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general announcements

Psychoanalysis in Our Time 2018 – Psychoanalysis, Nationalism and Ideology, Sopot/Gdansk, Poland, 5th-7th October 2018

Monday, April 16, 2018 - 10:08am
Psychoanalysis in Our Time
deadline for submissions: 
Tuesday, July 31, 2018

Dear Friends and Colleagues,

Now in its fifth year – and following the great success of sessions across Europe – the Psychoanalysis in Our Time research network is delighted to announce the call for papers for our next event, which will take place in association with the University of Gdansk, Poland from 5th to 7th October 2018. The topic for this symposium will be “Psychoanalysis, Nationalism and Ideology”.

We are very pleased to be able to say that the internationally acclaimed philosopher of the Slovenian School, Prof. Alenka Zupančič will be our keynote for this event.

South Asian Literatures in the World

Monday, April 16, 2018 - 9:59am
SALA: South Asian Literary Association
deadline for submissions: 
Tuesday, July 31, 2018

South Asian Literary Association Annual Conference
January 6-7, 2019
The Wits Hotel, Chicago, IL

You can submit your abstracts online here.

Journal of Interactive Technology and Pedagogy Special Issue on Archives

Monday, April 16, 2018 - 9:30am
Journal of Interactive Technology and Pedagogy
deadline for submissions: 
Friday, June 15, 2018

The Journal of Interactive Technology and Pedagogy
Themed Issue: Teaching and Research with Archives

Issue Editors:
Jojo Karlin, CUNY Graduate Center
Stephen Klein, Digital Service Librarian, CUNY Graduate Center
Danica Savonick, CUNY Graduate Center

Im/Migrant Passages: Crossing Visual, Spatial and Textual Boundaries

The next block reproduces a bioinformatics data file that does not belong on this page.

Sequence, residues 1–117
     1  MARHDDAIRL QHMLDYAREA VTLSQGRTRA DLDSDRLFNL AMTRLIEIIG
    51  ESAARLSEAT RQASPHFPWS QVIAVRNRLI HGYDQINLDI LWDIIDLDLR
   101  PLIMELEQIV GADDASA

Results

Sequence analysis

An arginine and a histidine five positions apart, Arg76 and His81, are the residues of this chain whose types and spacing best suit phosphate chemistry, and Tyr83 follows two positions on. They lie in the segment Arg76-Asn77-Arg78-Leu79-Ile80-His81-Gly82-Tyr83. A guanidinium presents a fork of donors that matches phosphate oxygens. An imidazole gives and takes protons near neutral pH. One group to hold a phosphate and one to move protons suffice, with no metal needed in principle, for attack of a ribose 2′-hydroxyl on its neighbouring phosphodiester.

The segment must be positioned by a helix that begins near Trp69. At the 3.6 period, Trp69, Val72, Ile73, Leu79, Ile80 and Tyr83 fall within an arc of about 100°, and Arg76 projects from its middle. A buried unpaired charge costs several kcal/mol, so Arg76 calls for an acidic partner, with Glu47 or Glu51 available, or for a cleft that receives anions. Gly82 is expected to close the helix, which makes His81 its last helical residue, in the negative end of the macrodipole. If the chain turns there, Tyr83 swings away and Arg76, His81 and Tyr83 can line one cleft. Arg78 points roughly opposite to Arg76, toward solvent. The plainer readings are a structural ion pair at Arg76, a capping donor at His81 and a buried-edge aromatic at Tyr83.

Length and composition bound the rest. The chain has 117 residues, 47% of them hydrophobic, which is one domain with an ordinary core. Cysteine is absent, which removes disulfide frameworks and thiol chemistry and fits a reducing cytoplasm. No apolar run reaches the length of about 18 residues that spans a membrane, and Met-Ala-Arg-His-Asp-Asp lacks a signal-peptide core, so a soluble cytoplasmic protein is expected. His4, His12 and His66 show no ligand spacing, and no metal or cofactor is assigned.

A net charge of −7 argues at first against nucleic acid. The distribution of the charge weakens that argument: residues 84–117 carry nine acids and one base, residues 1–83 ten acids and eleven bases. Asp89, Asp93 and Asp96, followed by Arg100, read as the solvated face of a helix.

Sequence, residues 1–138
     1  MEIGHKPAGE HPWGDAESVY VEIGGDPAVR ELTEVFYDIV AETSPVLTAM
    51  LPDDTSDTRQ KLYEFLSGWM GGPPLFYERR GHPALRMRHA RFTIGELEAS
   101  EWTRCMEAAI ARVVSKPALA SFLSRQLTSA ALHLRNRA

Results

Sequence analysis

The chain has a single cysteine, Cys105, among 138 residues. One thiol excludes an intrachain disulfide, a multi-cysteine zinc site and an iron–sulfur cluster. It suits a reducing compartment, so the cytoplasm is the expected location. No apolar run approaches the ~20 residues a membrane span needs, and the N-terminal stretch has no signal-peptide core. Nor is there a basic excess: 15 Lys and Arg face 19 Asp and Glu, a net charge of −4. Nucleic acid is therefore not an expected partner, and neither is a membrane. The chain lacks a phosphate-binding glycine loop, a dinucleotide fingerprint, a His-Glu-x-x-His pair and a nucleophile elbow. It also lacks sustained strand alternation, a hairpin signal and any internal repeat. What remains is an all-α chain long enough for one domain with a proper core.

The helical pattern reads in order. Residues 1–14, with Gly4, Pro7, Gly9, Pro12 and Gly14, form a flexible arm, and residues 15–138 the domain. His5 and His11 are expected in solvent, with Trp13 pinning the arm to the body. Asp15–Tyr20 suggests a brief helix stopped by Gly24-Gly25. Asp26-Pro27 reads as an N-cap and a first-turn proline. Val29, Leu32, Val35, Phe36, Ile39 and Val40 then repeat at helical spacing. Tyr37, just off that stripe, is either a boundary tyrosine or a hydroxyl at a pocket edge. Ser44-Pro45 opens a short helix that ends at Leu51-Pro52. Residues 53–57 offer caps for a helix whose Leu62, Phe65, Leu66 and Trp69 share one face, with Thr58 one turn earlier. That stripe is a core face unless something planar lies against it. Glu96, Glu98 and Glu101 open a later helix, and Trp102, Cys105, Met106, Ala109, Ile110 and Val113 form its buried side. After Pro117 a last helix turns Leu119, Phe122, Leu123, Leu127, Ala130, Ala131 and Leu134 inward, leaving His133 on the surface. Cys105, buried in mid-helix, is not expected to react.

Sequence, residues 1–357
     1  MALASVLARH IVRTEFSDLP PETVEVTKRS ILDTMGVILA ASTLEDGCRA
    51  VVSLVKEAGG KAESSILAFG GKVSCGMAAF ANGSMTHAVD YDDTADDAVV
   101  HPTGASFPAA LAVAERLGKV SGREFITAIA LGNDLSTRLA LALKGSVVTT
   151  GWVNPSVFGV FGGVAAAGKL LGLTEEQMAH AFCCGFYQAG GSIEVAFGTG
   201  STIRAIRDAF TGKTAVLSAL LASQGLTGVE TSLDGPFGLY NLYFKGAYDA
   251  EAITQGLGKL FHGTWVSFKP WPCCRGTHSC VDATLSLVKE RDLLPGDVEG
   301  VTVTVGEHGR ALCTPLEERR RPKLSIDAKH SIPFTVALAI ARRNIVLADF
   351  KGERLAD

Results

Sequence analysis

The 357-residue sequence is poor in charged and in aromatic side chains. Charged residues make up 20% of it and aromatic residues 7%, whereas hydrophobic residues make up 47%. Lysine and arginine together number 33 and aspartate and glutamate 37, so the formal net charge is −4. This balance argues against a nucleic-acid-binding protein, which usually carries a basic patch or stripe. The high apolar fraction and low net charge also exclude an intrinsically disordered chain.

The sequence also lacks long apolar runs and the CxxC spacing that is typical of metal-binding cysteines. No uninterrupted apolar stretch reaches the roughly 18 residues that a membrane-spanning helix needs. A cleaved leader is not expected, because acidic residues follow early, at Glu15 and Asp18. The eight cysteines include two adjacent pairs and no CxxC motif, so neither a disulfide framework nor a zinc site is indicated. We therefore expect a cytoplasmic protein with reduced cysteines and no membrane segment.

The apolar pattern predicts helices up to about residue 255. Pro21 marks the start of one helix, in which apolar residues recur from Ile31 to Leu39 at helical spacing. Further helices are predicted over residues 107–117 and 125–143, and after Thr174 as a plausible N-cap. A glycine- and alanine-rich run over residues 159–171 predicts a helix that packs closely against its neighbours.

Monday, April 16, 2018 - 9:09am
Amy Barlow Brock University
deadline for submissions: 
Monday, April 30, 2018

7th International Conference on


October 10th & 11th, 2018 Brock University, St. Catharines, ON

Im/Migrant Passages: Crossing Visual, Spatial and Textual Boundaries

Aigne Journal | Call for Submissions: conference / academic event reports

Monday, April 16, 2018 - 9:07am
Marija Laugalyte / University College Cork
deadline for submissions: 
Saturday, September 15, 2018


Online Journal of the College of Arts, Celtic Studies and Social Sciences, University College Cork 


Call for submission: conference / academic events reports 


Aigne seeks reports on recent academic events and conferences. Potential contributors are invited to contact the Reports Editors to agree the submission of a report. Submissions in Harvard style, along with a short biographical note (150 words) and contact information, will be accepted on a rolling basis.  


Il Parlaggio - new issue September 2018

Wednesday, April 11, 2018 - 9:12am
Edizioni Sinestesie (Italy)
deadline for submissions: 
Wednesday, August 1, 2018

This section of the academic journal “Sinestesieonline” is open to contributions about theatre and performing arts in all historical ages, forms and variations, in English, Italian and foreign languages. We use double blind peer review.

“Il Parlaggio” is the name created by Gabriele d’Annunzio for the amphitheatre in Vittoriale – a place of empathy, a cradle of emotions, a crossroads of cultures, a connection between antiquity and contemporaneity, an emblem of the “neverending show”.

The Rhetoric of War

Wednesday, April 11, 2018 - 9:07am
SAMLA South Atlantic Modern Language Association
deadline for submissions: 
Thursday, May 10, 2018

Conference Information

SAMLA 90: Fighters from the Margins: Socio-Political Activists and Their Allies
November 2–4, 2018 ◆ Sheraton Birmingham ◆ Birmingham, Alabama 


Edited Collection on Short Works of Henry James

Wednesday, April 11, 2018 - 9:06am
Kathleen McDonald, Ph.D.
deadline for submissions: 
Monday, May 7, 2018

Henry James occupies an unusual position in the literary categories of English language fiction. Claimed by both the British and the Americans, as well as by both the 19th century and the 20th, James’ fiction crosses many of the artificially imposed borders our field has created, yet his stories often deal explicitly with the social changes and their consequences that caused the borders to be established in the first place. As we live through yet another period of social upheaval, is James still relevant? What can his short fiction offer a 21st century reader? How might we convey this to our students, many of whom initially find his content dated and his prose challenging?